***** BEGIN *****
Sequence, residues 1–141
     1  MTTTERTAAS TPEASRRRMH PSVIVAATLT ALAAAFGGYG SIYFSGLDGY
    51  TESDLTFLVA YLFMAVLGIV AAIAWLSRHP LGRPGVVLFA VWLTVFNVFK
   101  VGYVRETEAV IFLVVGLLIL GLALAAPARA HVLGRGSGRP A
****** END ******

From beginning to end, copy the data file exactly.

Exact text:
Sequence, residues 1–141
     1  MTTTERTAAS TPEASRRRMH PSVIVAATLT ALAAAFGGYG SIYFSGLDGY
    51  TESDLTFLVA YLFMAVLGIV AAIAWLSRHP LGRPGVVLFA VWLTVFNVFK
   101  VGYVRETEAV IFLVVGLLIL GLALAAPARA HVLGRGSGRP A